Săptămâna viitoare voi avea o prezentare pe tema asta la Social Media Snow Camp şi după aceea voi pune pe blog o situaţie mai detaliată a stării Social Media şi blogosferei româneşti şi previziuni pentru viitor. Până atunci însă, să ne luăm ora exactă din nou de la americani, care au trecut prin ce trecem noi zilele astea acum un an sau doi:
“Talk is cheap. Where I come from, in the auto industry, you were held brutally accountable for your programs and products. The response to any idea was, ‘Show me where it’s working.’”
– Lee Iacocca, Where Have All the Leaders Gone? ch. 3 (2007)
Lee is right, kids. Talk is cheap. Show me where it’s working. Google “Facebook success stories.” I did. Prepare to be underwhelmed.
“Facebook success stories”, mai 2011
Try this experiment: Don’t log on to any of your social media accounts for a month. Then log in, scroll through the past month’s posts, and see if you really missed anything. I guarantee it will be an enlightening experience.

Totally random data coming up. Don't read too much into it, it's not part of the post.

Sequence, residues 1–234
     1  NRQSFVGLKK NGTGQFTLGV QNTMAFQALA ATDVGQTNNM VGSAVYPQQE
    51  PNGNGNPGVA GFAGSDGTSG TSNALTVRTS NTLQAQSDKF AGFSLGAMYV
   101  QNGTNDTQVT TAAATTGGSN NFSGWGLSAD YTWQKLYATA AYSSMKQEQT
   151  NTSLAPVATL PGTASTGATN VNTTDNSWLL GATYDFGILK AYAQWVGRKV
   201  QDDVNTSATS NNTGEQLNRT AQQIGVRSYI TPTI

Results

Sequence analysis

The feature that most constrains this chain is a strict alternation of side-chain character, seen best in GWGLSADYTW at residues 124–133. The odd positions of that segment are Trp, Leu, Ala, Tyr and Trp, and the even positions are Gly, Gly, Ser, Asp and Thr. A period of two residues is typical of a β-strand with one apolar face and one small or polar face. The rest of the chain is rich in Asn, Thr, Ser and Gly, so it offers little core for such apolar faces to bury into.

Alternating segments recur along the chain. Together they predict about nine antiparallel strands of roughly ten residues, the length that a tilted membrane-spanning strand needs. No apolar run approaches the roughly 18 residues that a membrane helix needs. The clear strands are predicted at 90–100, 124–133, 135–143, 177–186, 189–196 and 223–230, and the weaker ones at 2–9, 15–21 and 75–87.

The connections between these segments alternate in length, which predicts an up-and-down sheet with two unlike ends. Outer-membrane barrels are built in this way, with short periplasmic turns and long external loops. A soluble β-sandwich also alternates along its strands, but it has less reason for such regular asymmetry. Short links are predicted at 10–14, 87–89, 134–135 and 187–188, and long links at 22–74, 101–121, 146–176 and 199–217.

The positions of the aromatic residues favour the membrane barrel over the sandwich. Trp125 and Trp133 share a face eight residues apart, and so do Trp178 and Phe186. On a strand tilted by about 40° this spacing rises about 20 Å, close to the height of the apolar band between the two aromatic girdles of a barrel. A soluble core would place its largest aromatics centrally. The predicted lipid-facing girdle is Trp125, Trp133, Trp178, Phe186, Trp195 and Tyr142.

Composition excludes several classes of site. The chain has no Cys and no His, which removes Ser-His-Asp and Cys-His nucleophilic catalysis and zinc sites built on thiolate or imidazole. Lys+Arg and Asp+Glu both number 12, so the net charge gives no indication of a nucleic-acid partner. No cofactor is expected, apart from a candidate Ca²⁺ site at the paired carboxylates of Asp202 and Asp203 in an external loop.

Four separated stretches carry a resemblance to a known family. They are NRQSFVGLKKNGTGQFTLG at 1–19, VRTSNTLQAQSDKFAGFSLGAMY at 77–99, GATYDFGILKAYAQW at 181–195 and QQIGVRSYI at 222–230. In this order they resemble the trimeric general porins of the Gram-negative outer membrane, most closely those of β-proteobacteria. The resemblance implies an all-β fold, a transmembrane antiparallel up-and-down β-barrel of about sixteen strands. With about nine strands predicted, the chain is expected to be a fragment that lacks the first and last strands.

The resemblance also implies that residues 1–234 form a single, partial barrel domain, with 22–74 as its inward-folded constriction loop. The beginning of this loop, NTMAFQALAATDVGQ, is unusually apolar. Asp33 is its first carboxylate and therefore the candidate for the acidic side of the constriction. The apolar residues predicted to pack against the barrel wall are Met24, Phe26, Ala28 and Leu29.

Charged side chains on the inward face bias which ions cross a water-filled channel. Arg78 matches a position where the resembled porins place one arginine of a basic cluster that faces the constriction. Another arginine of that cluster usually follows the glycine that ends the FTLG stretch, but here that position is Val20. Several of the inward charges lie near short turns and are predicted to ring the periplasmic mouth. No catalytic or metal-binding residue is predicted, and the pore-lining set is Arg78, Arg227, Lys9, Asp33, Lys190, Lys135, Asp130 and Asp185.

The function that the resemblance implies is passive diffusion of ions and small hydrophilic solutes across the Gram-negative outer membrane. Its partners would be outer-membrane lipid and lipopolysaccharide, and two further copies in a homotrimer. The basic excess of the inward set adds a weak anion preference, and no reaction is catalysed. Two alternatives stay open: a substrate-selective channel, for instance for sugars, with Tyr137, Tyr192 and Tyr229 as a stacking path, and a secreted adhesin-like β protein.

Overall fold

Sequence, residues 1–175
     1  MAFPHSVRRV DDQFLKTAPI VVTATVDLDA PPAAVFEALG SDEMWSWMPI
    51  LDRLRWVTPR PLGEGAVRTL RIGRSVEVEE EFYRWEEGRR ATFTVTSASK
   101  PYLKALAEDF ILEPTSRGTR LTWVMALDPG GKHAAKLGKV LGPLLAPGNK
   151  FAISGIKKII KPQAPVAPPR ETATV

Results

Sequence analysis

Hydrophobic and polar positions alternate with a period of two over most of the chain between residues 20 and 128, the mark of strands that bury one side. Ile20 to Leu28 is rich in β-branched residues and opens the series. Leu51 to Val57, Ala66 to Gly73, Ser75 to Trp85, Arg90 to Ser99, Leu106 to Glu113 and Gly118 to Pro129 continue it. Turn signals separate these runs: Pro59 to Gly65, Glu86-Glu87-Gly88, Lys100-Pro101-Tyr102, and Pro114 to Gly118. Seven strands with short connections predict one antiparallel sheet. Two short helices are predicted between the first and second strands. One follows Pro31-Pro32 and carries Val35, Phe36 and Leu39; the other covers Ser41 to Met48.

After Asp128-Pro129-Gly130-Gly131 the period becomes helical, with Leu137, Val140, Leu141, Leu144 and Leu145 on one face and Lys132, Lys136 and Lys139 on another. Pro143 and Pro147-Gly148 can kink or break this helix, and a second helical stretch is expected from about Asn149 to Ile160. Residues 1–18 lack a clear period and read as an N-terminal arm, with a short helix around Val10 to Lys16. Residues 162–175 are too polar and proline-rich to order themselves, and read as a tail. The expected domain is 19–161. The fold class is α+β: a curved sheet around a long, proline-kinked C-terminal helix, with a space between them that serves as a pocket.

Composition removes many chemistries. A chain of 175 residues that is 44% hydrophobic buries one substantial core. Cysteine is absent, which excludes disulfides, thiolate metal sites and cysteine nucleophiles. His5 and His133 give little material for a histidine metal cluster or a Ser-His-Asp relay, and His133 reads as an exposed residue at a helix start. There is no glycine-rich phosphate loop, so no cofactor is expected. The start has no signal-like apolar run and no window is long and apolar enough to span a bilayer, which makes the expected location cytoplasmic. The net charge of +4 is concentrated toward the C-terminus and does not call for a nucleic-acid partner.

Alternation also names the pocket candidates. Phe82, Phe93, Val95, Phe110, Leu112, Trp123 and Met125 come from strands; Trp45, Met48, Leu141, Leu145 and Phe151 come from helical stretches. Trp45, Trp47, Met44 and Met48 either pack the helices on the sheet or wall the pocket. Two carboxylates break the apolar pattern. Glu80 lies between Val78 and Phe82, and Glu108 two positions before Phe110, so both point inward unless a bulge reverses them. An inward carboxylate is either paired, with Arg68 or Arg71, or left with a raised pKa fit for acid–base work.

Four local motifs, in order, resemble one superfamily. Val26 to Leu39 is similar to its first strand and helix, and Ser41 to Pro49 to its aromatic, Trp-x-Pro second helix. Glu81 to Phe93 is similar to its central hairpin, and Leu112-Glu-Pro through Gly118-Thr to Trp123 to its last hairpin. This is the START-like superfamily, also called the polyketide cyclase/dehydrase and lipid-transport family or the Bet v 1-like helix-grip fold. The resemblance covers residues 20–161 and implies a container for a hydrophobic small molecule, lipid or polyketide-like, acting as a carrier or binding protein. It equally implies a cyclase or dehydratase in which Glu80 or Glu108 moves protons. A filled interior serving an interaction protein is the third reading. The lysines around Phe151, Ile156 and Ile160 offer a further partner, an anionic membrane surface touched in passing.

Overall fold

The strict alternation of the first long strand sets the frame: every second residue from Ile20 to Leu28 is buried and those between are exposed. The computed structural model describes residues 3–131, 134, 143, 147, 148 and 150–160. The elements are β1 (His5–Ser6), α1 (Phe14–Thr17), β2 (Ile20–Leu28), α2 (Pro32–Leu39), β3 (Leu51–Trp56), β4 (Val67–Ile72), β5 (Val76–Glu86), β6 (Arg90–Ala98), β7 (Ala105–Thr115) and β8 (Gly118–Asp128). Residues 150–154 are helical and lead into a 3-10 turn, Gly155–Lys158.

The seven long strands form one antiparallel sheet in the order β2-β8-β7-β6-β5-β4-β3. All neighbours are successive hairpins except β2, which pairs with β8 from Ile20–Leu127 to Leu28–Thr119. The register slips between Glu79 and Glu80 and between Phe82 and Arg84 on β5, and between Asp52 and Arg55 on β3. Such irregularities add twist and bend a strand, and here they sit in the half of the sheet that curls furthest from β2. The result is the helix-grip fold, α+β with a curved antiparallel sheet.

I want to spend my time thinking about, creating, and discussing important ideas with earnest, dedicated people, not wasting my life away on self-centered, inconsequential chatting.
“Why I closed my social media accounts”, septembrie 2011
It makes me feel like everything I’ve posted over the past four years on Twitter, Jaiku, Friendfeed, Plurk, Pownce, and, yes, Google Buzz, has been an immense waste of time. I was shouting into a vast echo chamber where no one could hear me because they were too busy shouting themselves.
Thank God the content I deem most important, my Internet and broadcast radio shows, still stand. But I feel like I’ve woken up to a bad social media dream in terms of the content I’ve put in others’ hands. It’s been lost, and apparently no one was even paying attention to it in the first place.
I should have been posting it here all along. Had I been doing so I’d have something to show for it. A record of my life for the last few years at the very least. But I ignored my blog and ran off with the sexy, shiny microblogs.
“Buzz Kill”, august 2012
Because Facebook and Twitter are too easy. Keeping up a decent blog that people actually want to take the time to read, that’s much harder. And it’s the hard stuff that pays off in the end.
Besides, even if they’re very good at hiding the fact, over on Twitter and Facebook, it’s not your content, it’s their content.
And I think a lot of people have lost that idea. Instead or writing about something that’s ACTUALLY important to them, they’re telling al their zillions of Foursquare friends what food trucks they just visited.